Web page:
Join the debate on online video journalism

Welcome to our new blog all about online video journalism. As a group of broadcast journalism students based at City University, London we are interested in the issues surrounding gathering and publishing online video, the impact of online video on journalism and how it has come to be recognised as a powerful medium in its own right. The blog will explore aspects of this using a variety of media tools based on our specific interests. Enjoy, and join the debate by commenting!

Interview with British Heavyweight Champion Dereck Chisora

Dereck Chisora is the current British and Commonwealth Heavyweight boxing champion. A couple of months ago I went to an open press event as he was preparing for a shot at the world title against Wladimir Klitschko. Unfortunately the fight has been cancelled twice and it now seems unlikely Chisora will get a chance to fight Klitschko after the Ukranian agreed to fight another Briton, WBA World Heavyweight champion David Haye.

Dereck Chisora

In the interview below, Chisora seemed very confident of beating the much more fancied Klitschko but it is fair to say the majority of the press pack didn’t agree with him. I must say after watching Chisora train up close, I didn’t think he had much of a chance either. He looked to have a good punch on him but he seemed rather slow on his feet. Obviously this was only a sparring session and he was probably holding back a bit but I think it may be a blessing in disguise for him not to fight Klitschko yet. Chisora remains unbeaten professionally but he has only fought 14 times compared to Klitschko’s 55. A bad defeat could have ended his career before it even began.

However what was most interesting in this interview was the insight into Chisora’s character. Here is a man that has previous convictions for assault and last November was found guilty of beating up his girlfriend after he found text messages from another man on her phone. He avoided jail but received a 12-week prison sentence suspended for two years and was ordered to pay £1500 in compensation and serve 150 hours of community service.

Now nobody expects boxers to be held up as shining beacons of morality in our society but what Chisora said in regard to his conviction was quite unsettling. When quizzed about how his personal life will affect his boxing he rather proudly admitted, “I’m a rebel. You know what my boy Skepta says, ‘bun dat.’” This is to say, you know what, I don’t care.

His management team became very agitated with this line of questioning and would not allow any further questions on the subject. However the damage was already done. Chisora came across as an arrogant man who believes the rules don’t apply to him.

I for one am glad that this man has been denied the opportunity to represent Britain as Heavyweight Champion of the World.

Yianni Meleagros

PoliceTube: How Online Video is Helping Criminal Investigations

Youtube: A Place to share videos of yourself with those around you. What if those people were the Police? Would you still upload videos then?

Now more than ever before, Authorities are realising the power of online video; for making connections, for broadcasting appeals, and for finding the criminal who is responsible. We are all aware of CCTV and its effectiveness in monitoring the public. We are also aware of its impingement of privacy and the big brother culture of the world today.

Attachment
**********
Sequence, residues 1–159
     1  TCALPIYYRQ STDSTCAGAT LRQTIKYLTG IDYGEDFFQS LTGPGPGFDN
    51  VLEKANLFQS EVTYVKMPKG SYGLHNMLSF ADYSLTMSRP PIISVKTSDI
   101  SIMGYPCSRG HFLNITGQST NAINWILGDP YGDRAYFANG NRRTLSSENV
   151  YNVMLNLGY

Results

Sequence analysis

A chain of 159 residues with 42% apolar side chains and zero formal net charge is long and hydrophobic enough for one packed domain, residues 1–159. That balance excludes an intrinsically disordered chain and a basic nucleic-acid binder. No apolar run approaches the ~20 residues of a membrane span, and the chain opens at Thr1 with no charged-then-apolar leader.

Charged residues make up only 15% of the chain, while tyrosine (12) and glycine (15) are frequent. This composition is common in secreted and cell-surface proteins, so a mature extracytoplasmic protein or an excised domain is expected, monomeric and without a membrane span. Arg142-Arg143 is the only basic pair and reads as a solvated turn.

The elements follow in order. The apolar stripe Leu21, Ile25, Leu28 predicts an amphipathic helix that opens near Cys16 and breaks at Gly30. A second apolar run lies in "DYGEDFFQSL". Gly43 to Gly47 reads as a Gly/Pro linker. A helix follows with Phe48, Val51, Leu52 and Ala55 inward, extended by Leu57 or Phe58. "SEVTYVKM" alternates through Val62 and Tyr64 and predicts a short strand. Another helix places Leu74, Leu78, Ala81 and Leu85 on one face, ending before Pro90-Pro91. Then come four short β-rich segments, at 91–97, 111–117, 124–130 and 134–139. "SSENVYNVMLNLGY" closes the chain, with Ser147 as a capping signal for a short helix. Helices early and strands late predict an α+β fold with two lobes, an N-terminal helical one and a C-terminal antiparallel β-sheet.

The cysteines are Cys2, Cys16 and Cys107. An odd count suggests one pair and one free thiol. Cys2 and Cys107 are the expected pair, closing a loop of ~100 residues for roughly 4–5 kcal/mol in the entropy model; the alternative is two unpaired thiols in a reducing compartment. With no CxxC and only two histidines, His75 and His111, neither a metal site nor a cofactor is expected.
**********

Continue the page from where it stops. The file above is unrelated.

You might think it is a bit of fun to upload a video of your friend mucking about causing crimes you don’t find particularly offensive. But you must remember that these videos are not anonymous. Police can track you down.

Amidst the Student Protests last December, hundreds if not thousands of crimes were committed, but for those unlucky enough to be filmed, it was only a matter of time until it got uploaded to the world wide web.

Every other day it seems that the BBC report stories of people being identified from amateur footage found online. Police are catching onto this and they’re becoming increasingly good at it. You can see the petrol bomb story on the BBC News website here.

Given the massive influence online video has in journalism, papers across Britain can link to the film on youtube, which will then encourage thousands of users to log on and have a look.

But Orwell can be kept at bay for the meantime, because by the same sword the Police fight by, the Police themselves can be slayed. See here for possible evidence of a Police man apparantly charging at protestors on horseback.

Online video is now not only helping convict civilians, but also helping with the conviction of the Police too.

To the right we see wheelchair-bound activist Jody McIntyre who was reportedly filmed being dragged from his wheelchair amidst the student protests. And below – the video footage which was uploaded to youtube that sparked controversy late last year.

Online Video has also helped police in a pro-active sense: They have now started uploading their own, in a bid to crack down on crime.  Thames Valley Police Unit in particular have taken this stance and issued videos asking for any witnesses to come forward with any informati0n they may have. They have asked for info on a 14 year old knee-capping via youtube and this morning on a case regarding sexual assault. See video below:

Yesterday it was announced that High Definition CCTV systems are currently being tested across the UK that are up to 50 times more powerful than traditional CCTV cams. They have thus far been installed at local authorities and service stations, and the Aviva stadium is reportedly using them.

Looks like we’ll soon see new CCTV footage in HD quality on youtube soon! Talk about getting with the times eh!